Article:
The Brady Bunch

Season 1 Episode 24

The Grass is Always Greener

Aired Unknown Mar 13, 1970 on ABC
out of 10
User Rating
35 votes

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Episode Summary

Mike and Carol switch roles for a day in order to prove a day with the opposite sex involves much less work. Their duties: Carol must help the boys with baseball practice and Mike must help Marcia with a cooking badge.

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  • Nothing happened!

    This episode was like the worse episode ever! I didn't like it at all. Carol and Mike just switch jobs for a day. Carol has to teach the Bobby, Peter and Greg all about bunting in baseball. Mike, on the other hand, has to help Marsha cook tons of meals for - Well, I forgot what for, I think to get some kind of badge. The boys plan to make Carol's day miserable because Mike tells them about everything about the miniature brt, though nobody was betting anything. Mike makes a mess doing everything, which leads to him, washing dishes, mopping, sweeping, what else? The point is, this epsiode was boring! The only funny part was when it took like an hour for Carol and Mike to get upstairs.moreless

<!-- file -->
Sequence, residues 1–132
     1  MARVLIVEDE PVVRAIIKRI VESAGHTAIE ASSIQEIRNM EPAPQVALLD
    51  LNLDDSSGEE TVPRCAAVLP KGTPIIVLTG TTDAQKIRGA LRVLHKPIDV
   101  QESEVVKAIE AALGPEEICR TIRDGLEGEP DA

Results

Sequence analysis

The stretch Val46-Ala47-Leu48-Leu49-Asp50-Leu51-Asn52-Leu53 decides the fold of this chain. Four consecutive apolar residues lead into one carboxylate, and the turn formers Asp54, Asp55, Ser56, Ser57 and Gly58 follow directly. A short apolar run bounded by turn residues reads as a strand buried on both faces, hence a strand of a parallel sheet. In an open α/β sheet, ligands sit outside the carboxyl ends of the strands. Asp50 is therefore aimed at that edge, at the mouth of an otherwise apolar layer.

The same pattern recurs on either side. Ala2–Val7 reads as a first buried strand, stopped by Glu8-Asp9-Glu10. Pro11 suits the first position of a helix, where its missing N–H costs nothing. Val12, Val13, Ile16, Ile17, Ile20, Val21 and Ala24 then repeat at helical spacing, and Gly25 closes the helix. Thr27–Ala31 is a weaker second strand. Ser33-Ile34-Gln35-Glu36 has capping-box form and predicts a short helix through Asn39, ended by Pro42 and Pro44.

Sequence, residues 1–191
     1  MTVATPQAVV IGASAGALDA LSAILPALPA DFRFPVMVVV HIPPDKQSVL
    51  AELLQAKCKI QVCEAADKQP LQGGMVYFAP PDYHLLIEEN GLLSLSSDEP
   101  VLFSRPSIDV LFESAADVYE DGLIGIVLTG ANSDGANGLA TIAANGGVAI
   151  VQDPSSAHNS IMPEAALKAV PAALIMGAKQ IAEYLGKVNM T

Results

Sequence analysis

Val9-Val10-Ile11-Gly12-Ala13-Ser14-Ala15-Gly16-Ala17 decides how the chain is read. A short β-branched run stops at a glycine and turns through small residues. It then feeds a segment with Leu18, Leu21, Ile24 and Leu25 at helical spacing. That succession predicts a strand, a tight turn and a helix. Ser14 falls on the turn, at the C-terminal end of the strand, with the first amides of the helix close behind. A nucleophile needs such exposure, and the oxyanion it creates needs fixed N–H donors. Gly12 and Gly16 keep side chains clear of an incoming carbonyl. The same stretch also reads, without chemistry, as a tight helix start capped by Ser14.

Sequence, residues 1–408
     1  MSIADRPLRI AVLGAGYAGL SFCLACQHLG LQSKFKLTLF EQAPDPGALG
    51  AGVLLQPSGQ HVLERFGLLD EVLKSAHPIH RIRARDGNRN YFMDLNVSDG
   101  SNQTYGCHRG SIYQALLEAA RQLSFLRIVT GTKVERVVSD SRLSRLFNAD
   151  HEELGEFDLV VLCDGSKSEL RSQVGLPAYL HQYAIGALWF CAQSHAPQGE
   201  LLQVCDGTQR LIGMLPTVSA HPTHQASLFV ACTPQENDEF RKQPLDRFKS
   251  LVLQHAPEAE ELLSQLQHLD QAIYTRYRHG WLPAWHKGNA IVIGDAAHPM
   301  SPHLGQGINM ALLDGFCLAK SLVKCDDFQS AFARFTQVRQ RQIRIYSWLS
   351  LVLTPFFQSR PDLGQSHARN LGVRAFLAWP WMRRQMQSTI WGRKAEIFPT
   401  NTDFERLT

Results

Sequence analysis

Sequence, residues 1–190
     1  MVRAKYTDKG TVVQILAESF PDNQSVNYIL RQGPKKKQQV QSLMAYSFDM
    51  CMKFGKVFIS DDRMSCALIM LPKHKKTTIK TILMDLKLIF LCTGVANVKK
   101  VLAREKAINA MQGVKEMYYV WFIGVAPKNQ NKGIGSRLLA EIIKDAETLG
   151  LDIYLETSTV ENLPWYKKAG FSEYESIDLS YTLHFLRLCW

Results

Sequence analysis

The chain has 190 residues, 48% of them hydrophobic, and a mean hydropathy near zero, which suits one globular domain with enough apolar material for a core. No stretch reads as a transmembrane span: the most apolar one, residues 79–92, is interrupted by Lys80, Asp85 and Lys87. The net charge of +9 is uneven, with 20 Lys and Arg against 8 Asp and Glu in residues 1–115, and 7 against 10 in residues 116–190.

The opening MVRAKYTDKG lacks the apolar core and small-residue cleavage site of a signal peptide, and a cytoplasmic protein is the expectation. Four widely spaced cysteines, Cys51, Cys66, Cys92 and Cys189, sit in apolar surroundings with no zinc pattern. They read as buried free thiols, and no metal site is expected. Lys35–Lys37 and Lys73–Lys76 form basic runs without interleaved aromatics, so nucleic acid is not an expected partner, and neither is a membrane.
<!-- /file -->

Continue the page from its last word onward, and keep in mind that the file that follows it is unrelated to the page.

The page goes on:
Featured Episode Clip

Trivia, Notes, Quotes and Allusions


  • TRIVIA (1)

    • After enjoying a meal that Marcia cooked, Carol is shown getting up from the table with her dinner napkin attached to her belt.

  • QUOTES (1)

    • Carol: Men on first and third with one out, the batter must...

      Mike: Pour a cup of vinegar into...

      Carol: The catcher's mitt. This is the best wy to hide the signals from...

      Mike: The salt and pepper. Always make sure to proper and season every...

      Carol: Umpire. He must not allow the pitcher o touch hisfingers in the...

      Mike: Pot. always remember that too many onions and too much garlic...

      Carol: Will keep the shortstop away from the third baseman.

  • NOTES (1)


    • At the beginning of the episode, as Alice tosses an apple to each of the boys, she says "Tinker...Evers...Chance." This is a reference to Joe Tinker, Johnny Evers, and Frank Chance. All three played for the Chicago Cubs in the early 1900s and were immortalized in a poem by Franklin P. Adams called "Baseball's Sad Lexicon."